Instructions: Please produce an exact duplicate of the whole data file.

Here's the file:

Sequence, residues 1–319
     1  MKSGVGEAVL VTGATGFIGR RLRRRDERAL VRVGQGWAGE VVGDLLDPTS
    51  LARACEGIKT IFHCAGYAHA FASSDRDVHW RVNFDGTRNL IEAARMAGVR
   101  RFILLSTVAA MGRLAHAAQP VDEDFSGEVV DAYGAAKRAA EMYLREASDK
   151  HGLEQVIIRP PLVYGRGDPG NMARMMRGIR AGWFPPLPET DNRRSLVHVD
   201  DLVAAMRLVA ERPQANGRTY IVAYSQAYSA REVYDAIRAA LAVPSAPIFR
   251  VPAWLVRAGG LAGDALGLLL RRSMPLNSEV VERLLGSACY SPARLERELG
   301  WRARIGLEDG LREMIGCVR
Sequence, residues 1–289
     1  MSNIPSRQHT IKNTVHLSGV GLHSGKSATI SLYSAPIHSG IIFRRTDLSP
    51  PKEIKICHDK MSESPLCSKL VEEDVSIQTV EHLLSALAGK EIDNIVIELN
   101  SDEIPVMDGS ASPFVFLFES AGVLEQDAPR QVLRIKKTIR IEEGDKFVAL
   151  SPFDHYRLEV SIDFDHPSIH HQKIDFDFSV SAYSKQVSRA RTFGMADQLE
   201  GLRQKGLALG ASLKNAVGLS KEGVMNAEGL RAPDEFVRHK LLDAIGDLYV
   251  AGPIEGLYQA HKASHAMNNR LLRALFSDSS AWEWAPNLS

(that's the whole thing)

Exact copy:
Sequence, residues 1–319
     1  MKSGVGEAVL VTGATGFIGR RLRRRDERAL VRVGQGWAGE VVGDLLDPTS
    51  LARACEGIKT IFHCAGYAHA FASSDRDVHW RVNFDGTRNL IEAARMAGVR
   101  RFILLSTVAA MGRLAHAAQP VDEDFSGEVV DAYGAAKRAA EMYLREASDK
   151  HGLEQVIIRP PLVYGRGDPG NMARMMRGIR AGWFPPLPET DNRRSLVHVD
   201  DLVAAMRLVA ERPQANGRTY IVAYSQAYSA REVYDAIRAA LAVPSAPIFR
   251  VPAWLVRAGG LAGDALGLLL RRSMPLNSEV VERLLGSACY SPARLERELG
   301  WRARIGLEDG LREMIGCVR
Sequence, residues 1–289
     1  MSNIPSRQHT IKNTVHLSGV GLHSGKSATI SLYSAPIHSG IIFRRTDLSP
    51  PKEIKICHDK MSESPLCSKL VEEDVSIQTV EHLLSALAGK EIDNIVIELN
   101  SDEIPVMDGS ASPFVFLFES AGVLEQDAPR QVLRIKKTIR IEEGDKFVAL
   151  SPFDHYRLEV SIDFDHPSIH HQKIDFDFSV SAYSKQVSRA RTFGMADQLE
   201  GLRQKGLALG ASLKNAVGLS KEGVMNAEGL RAPDEFVRHK LLDAIGDLYV
   251  AGPIEGLYQA HKASHAMNNR LLRALFSDSS AWEWAPNLS